Repeated-measures analysis of variance was used to compare the metabolic and ventilatory variables at the end of each ADL and its nonparametric equivalent. Correlation coefficients were used to identify correlations between LCADL Scale and SGRQ and the outcomes ΔSpO2, dyspnea, fatigue, and metabolic and ventilatory demands. The correlation coefficients were classified by strength according to Bryman and Cramer: weak (r value: 0.2-0.39); moderate (r value: 0.4-0.69); and strong correlations (r value: 0.7-0.89).
Finally, a stepwise multiple linear regression was done using LCADL%total and SGRQ as the dependent variables and the variables with a moderate correlation as independent. The significance level for the statistical analysis was set at P < .05.
The sample size was calculated to achieve a correlation of at least 0.4 between the LCADL Scale and SGRQ and the outcomes: ΔSpO2, dyspnea, fatigue, and metabolic and ventilatory demands during ADL. With a bidirectional α of .05 and β = .20, the estimated sample size was 47 subjects.20
CLINICAL CHARACTERISTICS OF PATIENTS
There were 55 patients eligible for the study and, of those, 3 were excluded for exacerbations, 2 because of systemic hypertension, and 2 for incomplete assessments. As a result, 48 patients were included in the study and their clinical characteristics are described in Table 1. The GOLD system1 based on FEV1 was used to classify severity of COPD and those data are summarized in Figure 2.
COMPARISON OF VENTILATORY AND METABOLIC VARIABLES DURING ADL
The time required to perform all 3 ADL was 875 ± 190 sec. SpO2 and ΔSpO2 in ADL2 were statistically lower than in ADL3. The percentage of patients who presented oxygen desaturation in ADL1 (41.7%) was higher than in ADL2 (33.3%), and ADL3 (25%) (Table 2).
Heart rate, VE, and ventilatory demand were statistically higher in ADL2 and ADL3 than in ADL1 (Figure 3). Metabolic demand and other variables presented similar behavior during all 3 ADL (Table 2).
CORRELATION BETWEEN LCADL SCALE AND SGRQ WITH THE ADL LIMITATIONS
The LCADL%total showed a moderate correlation with dyspnea in ADL3 (r = 0.40, P = .008) and metabolic demand in ADL1 (r = 0.475, P = .006), besides weak correlation with dyspnea in ADL1 (r = 0.311, P = .032) and ADL2 (r = 0.334, P = .020) (Figure 4A).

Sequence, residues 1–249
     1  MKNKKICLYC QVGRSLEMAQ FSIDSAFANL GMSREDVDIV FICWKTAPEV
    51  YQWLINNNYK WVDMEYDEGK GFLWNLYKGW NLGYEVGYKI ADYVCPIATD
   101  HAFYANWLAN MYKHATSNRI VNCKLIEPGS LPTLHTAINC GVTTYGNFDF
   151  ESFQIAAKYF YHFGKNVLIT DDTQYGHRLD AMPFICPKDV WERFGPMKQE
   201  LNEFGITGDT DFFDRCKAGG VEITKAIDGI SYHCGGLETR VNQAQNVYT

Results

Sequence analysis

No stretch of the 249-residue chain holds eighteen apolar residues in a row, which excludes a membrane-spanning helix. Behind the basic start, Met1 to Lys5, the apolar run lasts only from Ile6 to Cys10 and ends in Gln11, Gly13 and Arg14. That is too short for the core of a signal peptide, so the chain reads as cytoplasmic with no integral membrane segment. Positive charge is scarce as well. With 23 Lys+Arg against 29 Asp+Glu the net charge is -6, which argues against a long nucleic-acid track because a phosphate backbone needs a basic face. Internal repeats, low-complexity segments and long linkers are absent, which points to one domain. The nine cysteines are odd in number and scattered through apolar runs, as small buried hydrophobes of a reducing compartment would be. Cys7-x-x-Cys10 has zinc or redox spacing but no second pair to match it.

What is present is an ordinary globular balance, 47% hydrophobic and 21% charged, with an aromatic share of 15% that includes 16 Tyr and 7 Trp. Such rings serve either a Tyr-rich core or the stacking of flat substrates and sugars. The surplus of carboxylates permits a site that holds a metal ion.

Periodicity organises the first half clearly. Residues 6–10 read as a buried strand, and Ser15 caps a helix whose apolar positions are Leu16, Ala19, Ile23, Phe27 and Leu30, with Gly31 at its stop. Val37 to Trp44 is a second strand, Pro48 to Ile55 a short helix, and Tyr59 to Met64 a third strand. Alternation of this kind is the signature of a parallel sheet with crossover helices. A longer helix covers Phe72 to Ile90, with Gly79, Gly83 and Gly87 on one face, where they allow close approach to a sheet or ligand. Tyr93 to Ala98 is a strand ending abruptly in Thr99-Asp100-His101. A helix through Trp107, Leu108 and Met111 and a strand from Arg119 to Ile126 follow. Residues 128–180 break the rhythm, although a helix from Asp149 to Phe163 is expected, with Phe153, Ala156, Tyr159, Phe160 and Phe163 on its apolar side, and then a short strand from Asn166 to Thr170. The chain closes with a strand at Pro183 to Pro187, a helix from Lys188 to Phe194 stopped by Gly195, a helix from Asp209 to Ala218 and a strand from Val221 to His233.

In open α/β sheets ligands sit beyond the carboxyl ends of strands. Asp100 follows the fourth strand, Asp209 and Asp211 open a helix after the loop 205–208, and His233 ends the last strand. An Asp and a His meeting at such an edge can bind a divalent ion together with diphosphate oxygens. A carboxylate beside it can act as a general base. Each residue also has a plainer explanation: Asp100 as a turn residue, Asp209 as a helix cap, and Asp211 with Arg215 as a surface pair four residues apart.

The SGRQ score demonstrated a moderate correlation with dyspnea in ADL1 (r = 0.465, P = .001), ADL2 (r = 0.514; P < .001), and ADL3 (r = 0.642, P < .001), and with metabolic demand in ADL1 (r = 0.439, P = .012) and ADL3 (r = 0.413, P = .019). In addition, the SGRQ showed a weak correlation with fatigue in ADL2 (r = 0.304, P = .036) and ADL3 (r = 0.344, P = .017) and with ventilatory demand in ADL2 (r = 0.290, P = .046) and ADL3 (r = 0.351, P = .014) (Figure 4B).
The variability of dyspnea in ADL3 and metabolic demand in ADL1 (P = .026) explained 33% of the variability in LCADL%total. The variability of dyspnea and metabolic demand in ADL3 (P < .001) explained 67% of the variability in SGRQ (Table 3).
The main results of this study were that the 3 ADL involving trunk flexion and rotation and unsupported upper limb movements resulted in lower SpO2 values and higher VE and metabolic demand values. It was also noted that ADL1 presented the highest percentage of patients with oxygen desaturation and metabolic demand values were close to 90% of peak during the ADL. In addition, dyspnea and metabolic demand in ADL3 reflected 67% of the SGRQ score and dyspnea in ADL1 and metabolic demand in ADL3 reflected 34% of the LCADL Scale score (Figure 3).
The ADL of showering, lifting containers above the scapular girdle, and lowering pots below the pelvic girdle were chosen because some studies have shown that ADL are capable of leading to greater increases in VE and
Annegarn et al21 observed that among 820 patients classified as GOLD IV, self-care ADL, such as showering, personal hygiene, and basic home maintenance, were those classified as the most problematic. In addition, showering was classified as the fourth most problematic activity in this population. That study concluded that the clinical characteristics are weakly associated with problematic ADL, emphasizing that individual assessment of these activities is necessary to plan a personalized intervention.